Friday, April 19, 2024

Rural confidence rises from rock bottom

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Federated Farmers remain optimistic as new survey results show growing farmer confidence, despite challenging times.
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By Wayne Langford, Federated Farmers president

Farm confidence has recovered from last year’s record lows but high interest rates, poor commodity prices, and regulatory costs are weighing heavily on farmers.

The latest Federated Farmers Farm Confidence Survey shows there’s been a positive shift in the rural mood, but confidence is still languishing in historically low territory.  

“It’s good to see the first improvement in farmer confidence for quite some time now,” Federated Farmers national president Wayne Langford says. 

“I want to be clear, though, that it’s only a slight improvement on the last survey in July 2023, when we saw farmer confidence plummet to an all-time low. 

“Things are up, but we’re coming off a very low base. I wouldn’t say farmers are feeling more confident yet – they’re just feeling less unconfident.”

Langford says farmers are struggling with high inflation, high interest rates and lower commodity prices, and the impact that’s having on their profitability.

“Most farmers are still feeling that general economic conditions are bad, and most are still making a loss.

“Where we are seeing a shift is in the number of farmers who expect things will improve in the next 12 months. So, times are tough, but there’s a sense of cautious optimism.”

Compared to last July, the January survey shows more farmers expect their production and spending to increase, and fewer farmers expect their debt to increase, in the 12 months ahead. 

Langford says there are a number of drivers behind the confidence recovery. 

“Inflation seems to be slowing, interest rates are softening, and commodity prices – at least for dairy – seem to have stabilised.

“We’ve also seen a change of Government in the last six months, with a real commitment to roll back some of the more impractical and expensive regulation that’s undermined farmer confidence.”  

He’s optimistic this is the start of a genuine, steady increase in confidence. 

“I think it is and I think Federated Farmers can help with that because we’re working hard with the new Government to reduce the burden on farmers, like fixing unworkable freshwater rules.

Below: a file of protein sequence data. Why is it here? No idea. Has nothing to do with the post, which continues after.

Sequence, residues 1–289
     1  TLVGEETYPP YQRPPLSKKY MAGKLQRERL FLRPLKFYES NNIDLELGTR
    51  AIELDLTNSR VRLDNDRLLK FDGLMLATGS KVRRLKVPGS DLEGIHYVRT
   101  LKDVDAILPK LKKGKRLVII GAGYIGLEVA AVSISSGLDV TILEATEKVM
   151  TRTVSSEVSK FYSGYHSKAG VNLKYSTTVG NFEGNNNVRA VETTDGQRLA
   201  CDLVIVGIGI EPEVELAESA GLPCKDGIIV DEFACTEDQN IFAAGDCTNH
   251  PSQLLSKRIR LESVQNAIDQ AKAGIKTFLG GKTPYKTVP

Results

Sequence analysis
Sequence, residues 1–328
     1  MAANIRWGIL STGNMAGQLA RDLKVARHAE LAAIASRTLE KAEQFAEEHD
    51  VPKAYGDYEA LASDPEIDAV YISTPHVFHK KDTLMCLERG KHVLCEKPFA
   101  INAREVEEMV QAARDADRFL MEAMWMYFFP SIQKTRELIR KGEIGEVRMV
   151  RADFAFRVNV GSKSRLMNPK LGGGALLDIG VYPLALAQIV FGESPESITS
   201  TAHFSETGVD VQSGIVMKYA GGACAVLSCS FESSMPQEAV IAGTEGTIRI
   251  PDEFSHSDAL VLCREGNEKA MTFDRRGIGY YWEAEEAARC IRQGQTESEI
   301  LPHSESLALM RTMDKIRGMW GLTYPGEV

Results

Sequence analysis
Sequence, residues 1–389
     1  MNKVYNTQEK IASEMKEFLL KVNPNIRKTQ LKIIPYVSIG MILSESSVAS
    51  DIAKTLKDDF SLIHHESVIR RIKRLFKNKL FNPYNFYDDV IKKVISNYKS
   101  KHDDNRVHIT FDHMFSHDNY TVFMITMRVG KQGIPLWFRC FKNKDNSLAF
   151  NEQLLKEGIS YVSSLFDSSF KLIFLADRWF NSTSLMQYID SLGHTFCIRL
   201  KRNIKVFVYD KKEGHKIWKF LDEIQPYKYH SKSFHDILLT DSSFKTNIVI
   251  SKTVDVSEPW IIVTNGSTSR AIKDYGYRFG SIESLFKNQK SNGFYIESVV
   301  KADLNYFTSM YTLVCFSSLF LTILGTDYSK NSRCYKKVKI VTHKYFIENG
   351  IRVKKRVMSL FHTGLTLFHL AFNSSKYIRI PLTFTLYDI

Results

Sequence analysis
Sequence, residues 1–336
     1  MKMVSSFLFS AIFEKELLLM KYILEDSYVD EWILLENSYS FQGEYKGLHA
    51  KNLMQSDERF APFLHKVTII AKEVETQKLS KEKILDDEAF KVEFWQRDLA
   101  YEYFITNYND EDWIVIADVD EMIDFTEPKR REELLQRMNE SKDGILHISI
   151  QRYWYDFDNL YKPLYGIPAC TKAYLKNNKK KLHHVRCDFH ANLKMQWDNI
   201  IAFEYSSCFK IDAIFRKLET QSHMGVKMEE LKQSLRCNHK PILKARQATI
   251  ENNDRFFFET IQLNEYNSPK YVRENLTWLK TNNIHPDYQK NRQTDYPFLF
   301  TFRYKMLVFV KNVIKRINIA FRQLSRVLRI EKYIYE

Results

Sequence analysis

“It’s all about cutting that red tape, making compliance on-farm easier, and getting our primary sector humming again.”

Tim Dangen, a beef farmer on Auckland’s west coast and the 2022 Young Farmer of the Year, says farmers are in “knuckle-down phase” and “weathering the storm” but he’s sensed the shift in rural confidence. 

“I think farmers in general have started to adjust to the change in the climate. 

“We’re slowly becoming more used to it, and the change in Government has helped too with some of the regulatory load.” 

Dangen, a 2024 Zanda McDonald Award finalist (winner announced March 11-13), says the tight times have forced farmers to scrutinise their own businesses and find efficiencies. 

“In our personal farming situation, we’ve pulled everything apart and pulled it apart again, and we’ll continue to do so for the next 12 months. It’s just about making those adjustments.

“We know that once we get through this period, then ultimately what we’ll come out with will be a more efficient business – and that excites me.”

His main concern is around how long the economic downturn could last. 

“How long are we going to be in this zone for? Even six months ago we would have thought our interest rates might be coming back by the end of 2024, whereas now that sort of seems like it’s out the window. 

“If we’re lucky, we’ll be status quo by the end of the year.”

The survey identified farmers’ biggest concerns right now as: debt, interest and banks; farmgate and commodity prices; regulation and compliance costs; and climate change policy and the ETS. 

Langford’s not surprised to see interest rates came out as the top concern. 

“I’ve spoken to a lot of farmers who are getting work off-farm just to make ends meet. It’s exactly why Federated Farmers have been calling for an independent inquiry into rural banking.

“Farmers need to know why the banks are charging them so much more in interest than residential borrowers. An inquiry would provide that transparency.”

He encourages struggling farmers to reach out for help.

“Even though we’re talking about a slight confidence lift, it’s still extremely tough for farmers out there, so please reach out to the likes of Rural Support Trust if you need help.” 

See the January 2024 Federated Farmers Mid-Season Farm Confidence Survey results at fedfarm.org.nz/FarmConfidence

More: Listen to Wayne Langford and Tim Dangen discuss the state of rural confidence in episode four of the Federated Farmers Podcast, released March 11 at fedfarm.org.nz/podcast

Federated Farmers, New Zealand’s leading independent rural advocacy organisation, has established a news and insights partnership with AgriHQ, the country’s leading rural publisher, to give the farmers of New Zealand a more informed, united and stronger voice. Feds news and commentary appears each week in its own section of the Farmers Weekly print edition and online.

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